In response to these concerns, the final CPS 511 clarifies that an APRA-regulated entities are expected to 'identify and mitigate material conflicts to the objectives of its remuneration framework that may result from third-party service provider compensation arrangements'.
The response paper gives a number of examples of the possible actions entities could take, depending on the conflict.
The response paper makes clear that:
- APRA does 'not expect changes to a third-party service contract or termination of an arrangement where a regulated entity has put effective mitigants in place'.
- Where third-parties are subject to legislation covering compensation structures or remuneration arrangements, 'CPS 511 does not require third-parties to make changes to these arrangements'.
APRA also plans to include additional examples of better practice in the final accompanying guidance, CPG 511 which is due to be released in October 2021.
Downward adjustments to variable remuneration
In its second round of consultation, APRA proposed specific requirements for the application of risk and conduct adjustments to variable remuneration, including in-period adjustments, malus and clawback.
Submissions requested further clarity on the difference between 'significant' and 'material incidents'. Some respondents also suggested that APRA’s focus should be on the overall adjustment to variable remuneration, rather than prescribing the specific tools that entities must use in particular circumstances.
In response to this feedback, final CPS 511 requires APRA-regulated entities to ensure that adjustments to variable remuneration are 'proportionate to the severity of the risk or conduct incident, but provides flexibility regarding the type of adjustment tool to be used'.
The draft guidance, CPG 511, provides better practice examples to assist entities in assessing severity.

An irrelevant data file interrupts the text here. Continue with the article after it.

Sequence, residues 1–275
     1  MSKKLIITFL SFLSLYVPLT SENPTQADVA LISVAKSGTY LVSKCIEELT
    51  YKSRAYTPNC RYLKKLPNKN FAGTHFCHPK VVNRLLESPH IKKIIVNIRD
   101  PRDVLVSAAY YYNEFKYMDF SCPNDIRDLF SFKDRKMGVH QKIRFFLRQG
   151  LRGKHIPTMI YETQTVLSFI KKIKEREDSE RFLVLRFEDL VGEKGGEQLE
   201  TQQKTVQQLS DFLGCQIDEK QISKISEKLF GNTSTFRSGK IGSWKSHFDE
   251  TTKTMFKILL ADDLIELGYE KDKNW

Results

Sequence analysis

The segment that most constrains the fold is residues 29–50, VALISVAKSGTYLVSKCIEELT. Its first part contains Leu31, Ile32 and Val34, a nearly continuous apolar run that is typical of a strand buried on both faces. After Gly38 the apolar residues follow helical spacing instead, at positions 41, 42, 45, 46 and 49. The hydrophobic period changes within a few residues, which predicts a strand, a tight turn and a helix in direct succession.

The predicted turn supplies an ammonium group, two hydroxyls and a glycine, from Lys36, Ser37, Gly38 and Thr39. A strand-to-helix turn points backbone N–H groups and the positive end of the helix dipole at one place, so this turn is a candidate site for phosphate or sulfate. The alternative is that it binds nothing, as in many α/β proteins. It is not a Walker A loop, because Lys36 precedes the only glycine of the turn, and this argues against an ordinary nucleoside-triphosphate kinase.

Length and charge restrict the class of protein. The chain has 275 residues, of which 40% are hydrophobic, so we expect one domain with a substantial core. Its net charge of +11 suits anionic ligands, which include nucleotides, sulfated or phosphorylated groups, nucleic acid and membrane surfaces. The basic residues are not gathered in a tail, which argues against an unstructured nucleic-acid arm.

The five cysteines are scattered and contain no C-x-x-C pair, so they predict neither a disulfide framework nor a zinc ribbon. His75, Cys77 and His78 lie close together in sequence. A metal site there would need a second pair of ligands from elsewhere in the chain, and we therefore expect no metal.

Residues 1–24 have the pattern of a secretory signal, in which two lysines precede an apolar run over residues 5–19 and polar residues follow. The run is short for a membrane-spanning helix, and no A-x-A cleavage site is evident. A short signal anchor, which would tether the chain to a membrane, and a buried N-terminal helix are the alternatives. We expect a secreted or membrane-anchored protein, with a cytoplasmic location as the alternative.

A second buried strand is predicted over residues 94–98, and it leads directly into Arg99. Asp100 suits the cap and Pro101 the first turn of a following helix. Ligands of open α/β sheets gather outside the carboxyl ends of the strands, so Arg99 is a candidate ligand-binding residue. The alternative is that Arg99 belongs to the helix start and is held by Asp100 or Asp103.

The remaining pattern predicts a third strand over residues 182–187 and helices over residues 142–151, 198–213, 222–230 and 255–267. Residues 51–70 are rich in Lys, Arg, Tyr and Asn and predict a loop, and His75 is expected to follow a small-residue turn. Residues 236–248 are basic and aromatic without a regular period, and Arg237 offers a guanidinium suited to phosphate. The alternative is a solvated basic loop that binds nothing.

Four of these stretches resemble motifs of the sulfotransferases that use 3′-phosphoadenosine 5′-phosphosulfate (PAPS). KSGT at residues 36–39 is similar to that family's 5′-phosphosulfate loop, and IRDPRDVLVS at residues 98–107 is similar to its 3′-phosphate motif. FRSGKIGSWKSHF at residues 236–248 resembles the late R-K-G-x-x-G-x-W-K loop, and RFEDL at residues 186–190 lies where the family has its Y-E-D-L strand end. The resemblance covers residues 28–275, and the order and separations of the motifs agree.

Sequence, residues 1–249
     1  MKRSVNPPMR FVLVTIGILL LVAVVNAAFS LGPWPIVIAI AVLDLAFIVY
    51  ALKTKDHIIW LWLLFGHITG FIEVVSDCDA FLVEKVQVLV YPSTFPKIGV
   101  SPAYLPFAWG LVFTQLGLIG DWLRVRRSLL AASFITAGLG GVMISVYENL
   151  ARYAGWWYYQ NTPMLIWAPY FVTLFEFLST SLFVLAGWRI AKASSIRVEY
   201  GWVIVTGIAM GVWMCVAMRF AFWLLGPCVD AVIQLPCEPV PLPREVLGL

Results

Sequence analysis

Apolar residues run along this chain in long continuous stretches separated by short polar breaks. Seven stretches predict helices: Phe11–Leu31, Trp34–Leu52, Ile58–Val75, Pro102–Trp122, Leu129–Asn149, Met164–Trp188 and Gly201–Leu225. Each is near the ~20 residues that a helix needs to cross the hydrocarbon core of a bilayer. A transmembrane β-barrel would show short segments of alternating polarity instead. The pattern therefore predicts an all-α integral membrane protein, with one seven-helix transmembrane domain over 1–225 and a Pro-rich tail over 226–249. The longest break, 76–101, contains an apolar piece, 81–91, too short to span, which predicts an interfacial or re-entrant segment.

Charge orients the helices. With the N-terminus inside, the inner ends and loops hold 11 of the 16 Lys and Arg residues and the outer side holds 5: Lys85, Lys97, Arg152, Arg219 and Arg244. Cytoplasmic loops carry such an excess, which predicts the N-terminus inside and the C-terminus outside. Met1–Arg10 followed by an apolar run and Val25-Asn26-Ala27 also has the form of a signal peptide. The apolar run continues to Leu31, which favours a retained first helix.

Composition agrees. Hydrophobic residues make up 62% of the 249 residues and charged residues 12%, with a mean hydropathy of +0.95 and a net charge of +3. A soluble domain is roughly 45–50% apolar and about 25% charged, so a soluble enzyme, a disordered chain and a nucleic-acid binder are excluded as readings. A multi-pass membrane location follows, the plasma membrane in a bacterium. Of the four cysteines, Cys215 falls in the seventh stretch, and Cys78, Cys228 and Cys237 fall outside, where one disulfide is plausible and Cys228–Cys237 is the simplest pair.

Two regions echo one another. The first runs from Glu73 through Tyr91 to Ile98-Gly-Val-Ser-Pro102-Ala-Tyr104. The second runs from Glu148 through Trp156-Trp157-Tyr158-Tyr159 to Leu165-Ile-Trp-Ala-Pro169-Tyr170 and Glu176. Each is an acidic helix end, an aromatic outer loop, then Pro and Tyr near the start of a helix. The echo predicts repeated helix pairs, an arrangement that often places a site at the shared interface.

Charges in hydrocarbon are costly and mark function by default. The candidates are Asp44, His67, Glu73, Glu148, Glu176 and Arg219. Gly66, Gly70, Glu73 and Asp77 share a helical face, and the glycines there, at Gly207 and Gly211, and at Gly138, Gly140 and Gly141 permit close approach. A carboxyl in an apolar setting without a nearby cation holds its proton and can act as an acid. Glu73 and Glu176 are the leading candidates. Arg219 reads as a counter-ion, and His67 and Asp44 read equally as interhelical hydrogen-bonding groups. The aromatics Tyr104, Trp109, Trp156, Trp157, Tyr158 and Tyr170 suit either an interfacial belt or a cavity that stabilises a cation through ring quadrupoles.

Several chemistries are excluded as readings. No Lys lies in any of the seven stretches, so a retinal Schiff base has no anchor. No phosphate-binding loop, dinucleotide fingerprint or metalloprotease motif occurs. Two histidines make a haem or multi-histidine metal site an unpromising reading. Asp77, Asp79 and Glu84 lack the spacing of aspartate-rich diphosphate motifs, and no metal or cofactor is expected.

Other issues raised in consultation
No change to minimum deferral periods in CPS 511
The response paper states that a number of submissions raised concerns around APRA's proposal to establish minimum deferral periods for variable remuneration that were longer than those implemented under the BEAR and/or under the proposed FAR.
Some insurers and RSE licensees also questioned whether they should be held to the same standards as banks.
However, the final CPS 511 maintains the proposed minimum deferral periods put forward in the consultation. The requirements will also continue to apply to SFIs across sectors.
APRA states that this 'risk-based approach reflects that failings in risk management at large and complex entities can have significant adverse consequences for the financial system. APRA has aligned its requirements for SFIs to international better practice'.
Alignment with the proposed FAR
Aside from the issue of minimum deferral periods outlined above, APRA intends that the requirements in CPS511 will align with the relevant requirements in the proposed FAR. In particular, APRA states that it is working closely with Treasury to ensure there are no inconsistencies in definitions and terminology across CPS 511 and the FAR.
APRA has also flagged that it may also make additional consequential amendments to CPS 511 or CPG 511 in due course, 'should this be considered necessary to achieve appropriate alignment with the FAR'.
No change in the approach to non-financial metrics
Despite industry feedback suggesting that measures such as Total Shareholder Return (TSR) or Return on Investment (ROE) already provide a balanced approach to incentives, and concerns that the use of non-financial measures in remuneration incentives remains immature and will therefor require a longer transition, APRA has not adjusted its proposed approach to the weight given to non-financial and financial metrics in the final CPS 511.
Accordingly, under the final CPS 511 SFIs be required to give 'material weight' to non-financial measures in the determination of each component of a person’s variable remuneration and also be required to have risk adjustment mechanisms that could reduce variable remuneration, potentially to zero, for adverse risk and conduct outcomes. To support entities in implementing the change, CPG 511 will include examples of better practice.